- The Washington Times - Thursday, June 5, 2003

Though Marsden Hartley stunned the American art world with his Berlin “War Motif” paintings in the 1920s, he is best remembered for his later, powerful images of his home state of Maine. Recognized as the greatest of the early American modernists pushed by art promoter Alfred Stieglitz and collected by Duncan Phillips, Hartley is now being honored with his first retrospective in 20 years at the Phillips Collection. Marsden Hartley opens Saturday and surveys the stylistic and thematic range of the artist’s major periods: the symbolic, abstract “War Motif” series painted in Berlin during 1914 to 1915; his “Provincetown” works of 1916; the New Mexico and Mexico paintings of 1918 and 1932; landscapes painted in France from 1921 to 1929; and the quintessentially American works done in his native Maine from 1937 until his death in 1943. At the Phillips, 1600 21st Street, NW. 10 a.m. to 5 p.m. Tuesday through Saturday, until 8:30 p.m. Thursday, noon to 5 p.m. Sunday, through Sept. 7. $8 adults, $6 seniors and students, free for Phillips members and children under 18. For information call 202/387-2151. For advance tickets, call TicketMaster at 202/551-SEAT.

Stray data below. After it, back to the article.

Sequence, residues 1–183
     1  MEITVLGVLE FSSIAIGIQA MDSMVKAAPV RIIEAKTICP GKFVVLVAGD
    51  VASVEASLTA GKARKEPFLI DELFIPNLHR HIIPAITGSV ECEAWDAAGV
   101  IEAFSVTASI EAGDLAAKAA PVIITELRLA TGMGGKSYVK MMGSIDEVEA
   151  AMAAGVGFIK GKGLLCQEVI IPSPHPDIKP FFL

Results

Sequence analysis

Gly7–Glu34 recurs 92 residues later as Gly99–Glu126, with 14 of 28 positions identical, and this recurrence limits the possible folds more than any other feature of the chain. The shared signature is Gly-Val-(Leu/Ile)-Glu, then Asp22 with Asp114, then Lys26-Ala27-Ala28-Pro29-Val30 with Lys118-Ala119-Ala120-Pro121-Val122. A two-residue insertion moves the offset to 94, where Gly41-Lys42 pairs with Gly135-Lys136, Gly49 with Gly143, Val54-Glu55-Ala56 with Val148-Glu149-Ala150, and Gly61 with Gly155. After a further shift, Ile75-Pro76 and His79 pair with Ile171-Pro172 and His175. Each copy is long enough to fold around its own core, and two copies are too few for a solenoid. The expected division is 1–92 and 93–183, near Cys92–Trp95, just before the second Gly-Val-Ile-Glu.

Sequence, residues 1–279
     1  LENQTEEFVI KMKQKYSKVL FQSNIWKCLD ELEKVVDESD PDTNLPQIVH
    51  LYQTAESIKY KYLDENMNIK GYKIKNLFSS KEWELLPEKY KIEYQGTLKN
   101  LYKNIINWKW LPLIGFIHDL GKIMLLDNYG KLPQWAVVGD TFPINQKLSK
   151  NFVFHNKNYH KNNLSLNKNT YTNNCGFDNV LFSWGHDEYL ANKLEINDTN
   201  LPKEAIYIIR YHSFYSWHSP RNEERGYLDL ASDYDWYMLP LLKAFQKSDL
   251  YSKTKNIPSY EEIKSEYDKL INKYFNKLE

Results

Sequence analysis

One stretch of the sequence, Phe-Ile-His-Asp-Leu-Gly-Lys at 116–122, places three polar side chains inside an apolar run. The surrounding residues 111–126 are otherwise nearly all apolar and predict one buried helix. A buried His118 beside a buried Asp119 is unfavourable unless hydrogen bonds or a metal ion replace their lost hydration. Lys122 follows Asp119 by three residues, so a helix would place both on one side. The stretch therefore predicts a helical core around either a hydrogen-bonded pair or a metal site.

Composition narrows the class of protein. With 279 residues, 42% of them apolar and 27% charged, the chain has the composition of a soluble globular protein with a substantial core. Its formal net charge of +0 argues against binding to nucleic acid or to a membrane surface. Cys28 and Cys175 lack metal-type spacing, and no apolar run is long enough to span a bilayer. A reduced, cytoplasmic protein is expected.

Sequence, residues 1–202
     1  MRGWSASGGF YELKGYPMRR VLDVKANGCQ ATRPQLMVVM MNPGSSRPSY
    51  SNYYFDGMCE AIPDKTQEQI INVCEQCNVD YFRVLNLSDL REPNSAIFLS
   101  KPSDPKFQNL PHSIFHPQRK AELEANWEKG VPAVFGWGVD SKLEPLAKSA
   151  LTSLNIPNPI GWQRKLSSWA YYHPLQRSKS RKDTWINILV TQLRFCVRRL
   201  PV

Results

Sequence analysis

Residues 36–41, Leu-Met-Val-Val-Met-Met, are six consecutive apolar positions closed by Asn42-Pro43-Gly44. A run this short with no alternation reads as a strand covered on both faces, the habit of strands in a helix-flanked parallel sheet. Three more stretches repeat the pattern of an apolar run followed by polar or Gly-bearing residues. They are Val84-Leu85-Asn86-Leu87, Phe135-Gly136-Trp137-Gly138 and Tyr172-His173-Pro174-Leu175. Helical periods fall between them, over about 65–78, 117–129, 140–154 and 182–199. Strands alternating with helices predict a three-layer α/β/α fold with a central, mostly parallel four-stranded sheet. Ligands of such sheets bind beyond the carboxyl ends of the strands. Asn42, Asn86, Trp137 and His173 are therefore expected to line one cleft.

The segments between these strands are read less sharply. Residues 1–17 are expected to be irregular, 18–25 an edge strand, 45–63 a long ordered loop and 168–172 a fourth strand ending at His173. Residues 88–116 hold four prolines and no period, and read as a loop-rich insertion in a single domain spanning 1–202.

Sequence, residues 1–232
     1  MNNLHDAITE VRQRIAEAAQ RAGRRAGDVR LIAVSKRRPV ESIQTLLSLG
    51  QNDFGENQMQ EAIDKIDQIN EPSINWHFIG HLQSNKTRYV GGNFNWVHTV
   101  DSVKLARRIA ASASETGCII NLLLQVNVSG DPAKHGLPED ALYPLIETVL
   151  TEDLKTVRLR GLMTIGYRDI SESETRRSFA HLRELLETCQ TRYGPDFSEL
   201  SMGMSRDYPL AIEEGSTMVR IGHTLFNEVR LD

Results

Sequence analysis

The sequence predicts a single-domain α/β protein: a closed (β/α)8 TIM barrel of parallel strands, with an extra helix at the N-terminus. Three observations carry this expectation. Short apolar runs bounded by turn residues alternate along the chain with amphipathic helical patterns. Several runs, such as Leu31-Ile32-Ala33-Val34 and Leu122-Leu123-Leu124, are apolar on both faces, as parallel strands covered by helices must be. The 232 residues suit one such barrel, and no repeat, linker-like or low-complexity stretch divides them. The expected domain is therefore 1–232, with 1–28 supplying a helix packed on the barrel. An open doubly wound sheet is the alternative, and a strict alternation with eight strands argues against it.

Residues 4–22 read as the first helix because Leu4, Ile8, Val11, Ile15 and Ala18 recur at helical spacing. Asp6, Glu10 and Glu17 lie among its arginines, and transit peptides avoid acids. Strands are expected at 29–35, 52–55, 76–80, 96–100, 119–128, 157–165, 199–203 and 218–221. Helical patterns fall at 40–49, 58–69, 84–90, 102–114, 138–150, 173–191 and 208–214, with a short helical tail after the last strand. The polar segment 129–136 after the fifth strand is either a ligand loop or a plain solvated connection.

Joanna Shaw-Eagle

A documentary about child spelling champions sounds about as dramatic as waiting all day for the cable repair truck to arrive. But Spellbound supplies plenty of white-knuckle tension — and that’s just one of the delicious surprises this documentary delivers. Nominated for best documentary feature at the 2002 Academy Awards, “Spellbound” tracks eight wunderkinder as they descend upon the nation’s capital for the 1999 National Spelling Bee. The youngsters represent the American dream, both in their unshakeable faith in education and in their competitive mien. By zooming in on a contestant’s face as he or she wrestles over the proper spelling of another $10 word, “Spellbound” manufactures as much drama as “The Matrix Reloaded,” and with far less hoopla.

Christian Toto

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